Insuring sporting goods stores that sell firearms
When it comes to sporting goods stores, the sale of firearms makes the insurance process more complex.
By Brandon Lilly
Commercial Lines Account Executive
If you're driving down the road in any popular commerce area, you're likely to see stores that sell clothing, footwear, mobile service, coffee … and likely sporting goods. There are about 21,000 sporting goods stores in the U.S., generating a total of $47 billion (that's not a typo!) (stats).
Like many other business, sporting goods stores should have insurance. Most stores can get insurance from a standard carrier without having to go a specialty market. And, many of them will be put on a standard business owners policy (BOP), a package of coverages designed for smaller businesses.
When it comes to sporting goods stores, there's one part of the business that makes the insurance process more complex - and that's the sale of firearms.
We often get questions from insurance agents wondering if a sporting goods store that has firearms sales should be considered. The answer is, of course. With the right underwriting and risk management, these businesses can make great customers. It just takes an insurance provider that knows the right questions to ask. For example:
What % of gross sales is generated from the sale of firearms?
- Do they sell new and used guns? Used guns are a tough one. You never know where these guns came from and what the history with a particular gun could be.
- Does the store run the proper background checks and require photo ID? This is generally a state law, so the majority of stores will be doing this if they plan to stay in business very long.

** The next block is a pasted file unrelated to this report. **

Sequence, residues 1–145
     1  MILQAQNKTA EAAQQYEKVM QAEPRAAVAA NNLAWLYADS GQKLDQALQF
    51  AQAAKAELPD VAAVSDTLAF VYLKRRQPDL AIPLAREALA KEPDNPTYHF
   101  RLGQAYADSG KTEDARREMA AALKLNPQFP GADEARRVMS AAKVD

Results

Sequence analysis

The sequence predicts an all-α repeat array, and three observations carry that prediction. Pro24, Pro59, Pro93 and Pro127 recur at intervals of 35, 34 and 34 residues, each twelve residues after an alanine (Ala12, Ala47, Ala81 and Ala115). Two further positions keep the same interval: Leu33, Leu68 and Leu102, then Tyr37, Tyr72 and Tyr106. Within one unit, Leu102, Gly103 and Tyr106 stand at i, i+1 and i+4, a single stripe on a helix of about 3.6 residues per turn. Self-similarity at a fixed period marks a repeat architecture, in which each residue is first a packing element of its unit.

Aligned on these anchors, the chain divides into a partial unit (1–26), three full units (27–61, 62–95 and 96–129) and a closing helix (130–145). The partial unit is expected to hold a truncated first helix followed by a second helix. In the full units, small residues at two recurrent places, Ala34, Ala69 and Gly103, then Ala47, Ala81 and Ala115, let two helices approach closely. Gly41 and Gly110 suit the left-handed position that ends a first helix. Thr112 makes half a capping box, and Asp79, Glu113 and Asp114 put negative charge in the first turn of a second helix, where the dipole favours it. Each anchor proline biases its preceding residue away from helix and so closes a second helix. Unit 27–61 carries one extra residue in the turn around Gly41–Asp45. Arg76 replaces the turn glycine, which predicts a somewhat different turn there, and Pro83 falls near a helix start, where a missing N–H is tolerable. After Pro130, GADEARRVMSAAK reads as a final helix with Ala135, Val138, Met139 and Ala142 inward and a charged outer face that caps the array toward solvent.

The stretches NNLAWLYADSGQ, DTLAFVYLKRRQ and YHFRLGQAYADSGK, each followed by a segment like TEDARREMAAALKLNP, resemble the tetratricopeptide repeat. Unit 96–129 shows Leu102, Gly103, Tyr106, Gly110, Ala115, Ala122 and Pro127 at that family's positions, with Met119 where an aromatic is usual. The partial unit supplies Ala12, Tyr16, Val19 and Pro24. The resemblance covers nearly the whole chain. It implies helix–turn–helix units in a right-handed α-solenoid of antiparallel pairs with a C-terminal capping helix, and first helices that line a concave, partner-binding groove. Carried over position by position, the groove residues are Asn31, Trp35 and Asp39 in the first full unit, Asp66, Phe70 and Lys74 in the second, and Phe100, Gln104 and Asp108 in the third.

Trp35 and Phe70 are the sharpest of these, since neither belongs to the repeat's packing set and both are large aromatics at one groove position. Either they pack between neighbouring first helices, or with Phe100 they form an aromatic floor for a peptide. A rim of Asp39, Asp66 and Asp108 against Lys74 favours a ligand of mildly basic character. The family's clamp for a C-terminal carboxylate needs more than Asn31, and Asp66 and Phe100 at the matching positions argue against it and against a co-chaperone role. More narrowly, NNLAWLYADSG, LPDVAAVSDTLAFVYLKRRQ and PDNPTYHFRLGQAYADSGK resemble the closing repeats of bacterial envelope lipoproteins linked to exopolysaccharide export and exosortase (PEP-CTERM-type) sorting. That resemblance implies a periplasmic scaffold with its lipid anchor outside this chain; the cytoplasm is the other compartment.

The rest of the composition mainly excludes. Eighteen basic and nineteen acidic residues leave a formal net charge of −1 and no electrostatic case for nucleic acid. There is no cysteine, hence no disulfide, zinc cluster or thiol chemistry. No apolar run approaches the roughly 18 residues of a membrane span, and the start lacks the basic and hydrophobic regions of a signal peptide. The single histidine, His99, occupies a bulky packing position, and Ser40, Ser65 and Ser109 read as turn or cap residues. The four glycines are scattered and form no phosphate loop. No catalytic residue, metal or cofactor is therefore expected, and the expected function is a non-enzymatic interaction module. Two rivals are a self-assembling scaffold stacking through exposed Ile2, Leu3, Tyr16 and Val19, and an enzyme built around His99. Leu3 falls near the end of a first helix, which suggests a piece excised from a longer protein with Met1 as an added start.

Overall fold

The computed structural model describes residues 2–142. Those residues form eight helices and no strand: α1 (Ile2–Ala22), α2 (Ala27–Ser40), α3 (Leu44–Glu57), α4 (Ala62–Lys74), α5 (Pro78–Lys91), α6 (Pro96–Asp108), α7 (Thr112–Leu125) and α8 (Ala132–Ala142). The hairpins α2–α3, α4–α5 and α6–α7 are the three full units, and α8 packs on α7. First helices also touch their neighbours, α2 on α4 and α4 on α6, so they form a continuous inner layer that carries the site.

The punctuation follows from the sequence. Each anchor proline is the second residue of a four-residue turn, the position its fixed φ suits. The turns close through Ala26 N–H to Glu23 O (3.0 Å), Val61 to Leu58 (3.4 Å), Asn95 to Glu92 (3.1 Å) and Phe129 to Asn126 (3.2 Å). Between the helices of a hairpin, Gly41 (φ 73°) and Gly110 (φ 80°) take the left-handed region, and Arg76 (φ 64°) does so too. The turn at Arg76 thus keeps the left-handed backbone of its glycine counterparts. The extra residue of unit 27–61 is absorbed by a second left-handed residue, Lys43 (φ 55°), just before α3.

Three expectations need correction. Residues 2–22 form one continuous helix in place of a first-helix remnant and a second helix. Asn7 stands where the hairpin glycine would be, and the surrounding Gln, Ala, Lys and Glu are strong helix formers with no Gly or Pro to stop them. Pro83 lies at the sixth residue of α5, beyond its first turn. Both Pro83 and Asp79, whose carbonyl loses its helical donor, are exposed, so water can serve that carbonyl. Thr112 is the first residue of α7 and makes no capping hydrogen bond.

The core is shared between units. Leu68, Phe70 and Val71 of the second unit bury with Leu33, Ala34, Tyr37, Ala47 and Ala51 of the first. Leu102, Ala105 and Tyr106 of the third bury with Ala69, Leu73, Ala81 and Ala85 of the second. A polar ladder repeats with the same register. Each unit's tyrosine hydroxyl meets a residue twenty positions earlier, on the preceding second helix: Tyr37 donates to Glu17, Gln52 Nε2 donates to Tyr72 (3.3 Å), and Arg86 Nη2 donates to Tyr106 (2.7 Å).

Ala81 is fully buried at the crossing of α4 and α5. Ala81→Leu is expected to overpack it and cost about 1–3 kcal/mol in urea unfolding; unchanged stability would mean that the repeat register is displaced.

- Do they offer any firearms or concealed carry courses?
It's important to ask the right questions when working on a risk management program for a sporting goods store that sells firearms.
It's also important to keep an open mind. There's obviously a lot of controversy surrounding firearms in our country. As an insurance professional, it's our job to look at all aspects of a business operation and make sure they have the right risk engineering in place and the right insurance coverage, regardless of our feelings about firearms.
A significant majority of sporting goods stores are carrying firearms today. This includes some of the largest retail operations in the industry. When you get the opportunity to review a risk that falls in this category, one of the best tactics is to work as a team - your agency team, the carrier, and any other resources or experts you have at your fingertips.
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